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National accounts.

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The Hon Simon Crean MP

Deputy Leader of the Opposition and Shadow Treasurer


3 March 1999






Today’s national accounts figures are welcome, but should not serve to continue the government’s long summer slumber on econom ic management.


The 4.7 per cent through-the-year GDP figure is a positive one, but beneath the surface there are matters for real concern.


Household and government consumption expenditure contributed 3.9 percentage points to the 4.7 per cent figure.


As such it masks an alarming fall in private investment and in the terms of trade.


·  Private investment in machinery and equipment fell by 15.9 per cent in the December quarter and 12.3 per cent over 1998; private dwelling investment is down 1.3 per cent for the quarter and total private gross fixed capital formation is down 7.6 per cent for the quarter.


·  Exports were flat for the quarter while imports were up 1.6 per cent. This follows the recent news on the worst ever goods and services trade balance and current account deficit. Net exports detracted 0.3 percentage points from growth in the quarter and 0.5 percentage points in the year.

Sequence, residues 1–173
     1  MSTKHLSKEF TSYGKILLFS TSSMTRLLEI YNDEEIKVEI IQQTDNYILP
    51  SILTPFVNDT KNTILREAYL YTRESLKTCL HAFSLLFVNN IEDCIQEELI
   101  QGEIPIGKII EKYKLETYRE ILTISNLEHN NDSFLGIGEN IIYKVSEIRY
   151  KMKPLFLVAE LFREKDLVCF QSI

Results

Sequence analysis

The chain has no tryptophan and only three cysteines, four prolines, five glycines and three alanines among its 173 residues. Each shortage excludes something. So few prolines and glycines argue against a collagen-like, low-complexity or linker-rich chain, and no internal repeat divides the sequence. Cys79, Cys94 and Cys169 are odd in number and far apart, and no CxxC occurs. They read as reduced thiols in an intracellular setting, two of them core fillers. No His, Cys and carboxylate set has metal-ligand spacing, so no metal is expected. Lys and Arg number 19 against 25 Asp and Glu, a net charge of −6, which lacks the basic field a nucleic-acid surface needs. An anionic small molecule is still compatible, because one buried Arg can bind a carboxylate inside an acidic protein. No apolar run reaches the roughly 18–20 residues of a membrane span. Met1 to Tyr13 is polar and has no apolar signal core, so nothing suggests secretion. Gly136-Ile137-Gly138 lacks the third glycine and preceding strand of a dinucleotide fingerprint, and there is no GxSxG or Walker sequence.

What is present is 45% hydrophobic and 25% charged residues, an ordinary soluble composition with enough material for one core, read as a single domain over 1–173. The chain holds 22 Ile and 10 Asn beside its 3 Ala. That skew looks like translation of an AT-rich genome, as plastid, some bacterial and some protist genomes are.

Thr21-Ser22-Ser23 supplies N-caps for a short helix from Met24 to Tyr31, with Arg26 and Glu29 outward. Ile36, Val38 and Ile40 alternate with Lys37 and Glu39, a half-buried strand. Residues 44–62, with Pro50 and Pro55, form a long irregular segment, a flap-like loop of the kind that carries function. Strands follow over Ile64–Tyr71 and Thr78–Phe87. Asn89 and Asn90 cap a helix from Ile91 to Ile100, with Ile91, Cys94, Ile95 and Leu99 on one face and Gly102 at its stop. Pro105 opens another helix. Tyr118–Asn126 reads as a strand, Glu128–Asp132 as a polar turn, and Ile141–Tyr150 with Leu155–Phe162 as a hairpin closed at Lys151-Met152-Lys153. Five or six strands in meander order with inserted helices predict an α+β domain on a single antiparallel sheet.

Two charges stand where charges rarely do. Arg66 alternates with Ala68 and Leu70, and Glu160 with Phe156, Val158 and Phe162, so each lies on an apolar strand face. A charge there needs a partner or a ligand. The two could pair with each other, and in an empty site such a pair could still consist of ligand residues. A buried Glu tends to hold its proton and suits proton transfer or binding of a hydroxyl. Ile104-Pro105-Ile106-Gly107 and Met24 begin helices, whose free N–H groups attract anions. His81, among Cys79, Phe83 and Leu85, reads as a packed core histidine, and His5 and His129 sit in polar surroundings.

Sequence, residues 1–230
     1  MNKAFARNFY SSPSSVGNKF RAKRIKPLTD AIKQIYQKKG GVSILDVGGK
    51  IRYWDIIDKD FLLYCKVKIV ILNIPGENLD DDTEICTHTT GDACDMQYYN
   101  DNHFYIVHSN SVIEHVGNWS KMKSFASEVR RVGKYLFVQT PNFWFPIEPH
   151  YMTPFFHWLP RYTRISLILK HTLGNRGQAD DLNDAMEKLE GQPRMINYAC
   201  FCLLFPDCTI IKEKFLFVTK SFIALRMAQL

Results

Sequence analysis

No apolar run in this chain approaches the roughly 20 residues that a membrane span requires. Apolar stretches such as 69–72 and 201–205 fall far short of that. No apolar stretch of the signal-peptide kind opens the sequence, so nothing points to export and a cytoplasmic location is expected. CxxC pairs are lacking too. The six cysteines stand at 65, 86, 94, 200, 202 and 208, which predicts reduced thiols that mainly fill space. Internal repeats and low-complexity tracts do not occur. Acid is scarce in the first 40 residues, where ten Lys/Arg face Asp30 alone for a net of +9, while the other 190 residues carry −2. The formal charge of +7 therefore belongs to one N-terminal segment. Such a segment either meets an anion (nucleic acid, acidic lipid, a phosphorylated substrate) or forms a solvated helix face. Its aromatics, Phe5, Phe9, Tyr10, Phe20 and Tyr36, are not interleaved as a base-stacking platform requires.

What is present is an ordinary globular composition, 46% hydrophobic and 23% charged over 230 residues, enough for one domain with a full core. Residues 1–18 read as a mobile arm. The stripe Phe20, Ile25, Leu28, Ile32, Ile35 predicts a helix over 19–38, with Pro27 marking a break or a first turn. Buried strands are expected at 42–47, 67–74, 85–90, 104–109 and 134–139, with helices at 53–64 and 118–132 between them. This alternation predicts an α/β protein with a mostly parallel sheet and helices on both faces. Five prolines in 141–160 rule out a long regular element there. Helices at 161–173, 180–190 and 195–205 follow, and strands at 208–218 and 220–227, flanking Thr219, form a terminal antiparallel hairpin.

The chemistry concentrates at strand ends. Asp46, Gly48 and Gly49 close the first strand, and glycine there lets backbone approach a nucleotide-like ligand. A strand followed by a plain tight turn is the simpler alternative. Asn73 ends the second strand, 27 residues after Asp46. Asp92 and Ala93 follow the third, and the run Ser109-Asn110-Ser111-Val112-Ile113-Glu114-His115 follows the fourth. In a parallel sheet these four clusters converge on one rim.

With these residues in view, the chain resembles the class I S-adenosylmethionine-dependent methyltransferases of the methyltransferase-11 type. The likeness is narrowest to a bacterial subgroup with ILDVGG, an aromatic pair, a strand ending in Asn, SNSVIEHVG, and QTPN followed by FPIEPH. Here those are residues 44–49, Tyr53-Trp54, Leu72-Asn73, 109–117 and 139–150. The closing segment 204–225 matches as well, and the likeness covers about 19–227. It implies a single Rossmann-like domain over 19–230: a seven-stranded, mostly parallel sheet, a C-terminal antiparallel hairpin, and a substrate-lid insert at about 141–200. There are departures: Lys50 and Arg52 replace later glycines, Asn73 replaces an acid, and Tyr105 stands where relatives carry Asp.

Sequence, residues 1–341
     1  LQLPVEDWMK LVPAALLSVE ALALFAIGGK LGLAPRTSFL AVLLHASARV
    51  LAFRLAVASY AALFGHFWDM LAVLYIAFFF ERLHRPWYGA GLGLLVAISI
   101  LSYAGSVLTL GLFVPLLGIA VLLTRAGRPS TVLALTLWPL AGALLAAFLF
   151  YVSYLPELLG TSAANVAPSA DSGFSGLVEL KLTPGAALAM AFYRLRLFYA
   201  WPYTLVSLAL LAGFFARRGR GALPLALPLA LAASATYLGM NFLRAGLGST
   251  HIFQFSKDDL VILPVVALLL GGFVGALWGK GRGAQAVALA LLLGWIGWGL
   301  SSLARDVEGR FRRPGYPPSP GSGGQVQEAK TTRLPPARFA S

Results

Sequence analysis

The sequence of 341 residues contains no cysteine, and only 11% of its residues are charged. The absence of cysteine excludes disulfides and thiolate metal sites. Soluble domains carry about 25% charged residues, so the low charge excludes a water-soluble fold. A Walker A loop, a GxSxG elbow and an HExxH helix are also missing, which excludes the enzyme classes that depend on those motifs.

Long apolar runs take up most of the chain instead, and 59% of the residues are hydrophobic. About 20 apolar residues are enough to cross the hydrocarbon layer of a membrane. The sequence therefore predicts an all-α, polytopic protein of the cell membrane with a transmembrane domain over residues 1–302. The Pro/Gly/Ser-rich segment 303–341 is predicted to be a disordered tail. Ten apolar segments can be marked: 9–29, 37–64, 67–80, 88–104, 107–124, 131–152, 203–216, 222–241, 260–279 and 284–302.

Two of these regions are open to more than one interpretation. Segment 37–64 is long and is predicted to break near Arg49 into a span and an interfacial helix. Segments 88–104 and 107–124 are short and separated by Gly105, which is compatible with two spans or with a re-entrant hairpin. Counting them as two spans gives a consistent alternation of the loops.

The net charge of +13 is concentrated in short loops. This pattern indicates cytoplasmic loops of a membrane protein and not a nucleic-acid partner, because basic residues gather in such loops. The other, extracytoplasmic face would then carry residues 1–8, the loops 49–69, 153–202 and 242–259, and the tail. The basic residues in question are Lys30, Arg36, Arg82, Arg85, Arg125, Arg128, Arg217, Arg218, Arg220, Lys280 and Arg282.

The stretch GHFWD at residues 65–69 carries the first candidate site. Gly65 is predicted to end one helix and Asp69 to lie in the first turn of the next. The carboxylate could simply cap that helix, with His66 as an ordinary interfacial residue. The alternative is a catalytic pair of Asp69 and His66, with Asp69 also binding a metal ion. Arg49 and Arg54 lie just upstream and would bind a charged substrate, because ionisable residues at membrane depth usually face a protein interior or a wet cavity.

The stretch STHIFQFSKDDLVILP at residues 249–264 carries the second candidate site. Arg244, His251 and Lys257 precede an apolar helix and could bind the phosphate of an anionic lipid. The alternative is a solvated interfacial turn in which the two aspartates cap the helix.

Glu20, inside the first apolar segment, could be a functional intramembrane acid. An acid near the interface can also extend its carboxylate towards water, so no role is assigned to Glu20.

Much of the higher household spending appears to have been ‘on the bankcard’. The trend household savings ratio has fall en every quarter from December 1996 to December 1998. Two years ago, households saved 6 per cent of their income. Today they save only 1.3 per cent. While these figures should be treated with caution, the trend is nonetheless unambiguous, particularly in light of recent data showing an increase in personal credit.


Strong household expenditure is a positive feature of any economy.


But it must be balanced with strength in other elements of the economy, particularly in that area that drives long-run growth - investment.


An environment in which investment is slowing, the terms of trade are slipping and household savings are eroding does not lend itself to the sort of balance that is needed.



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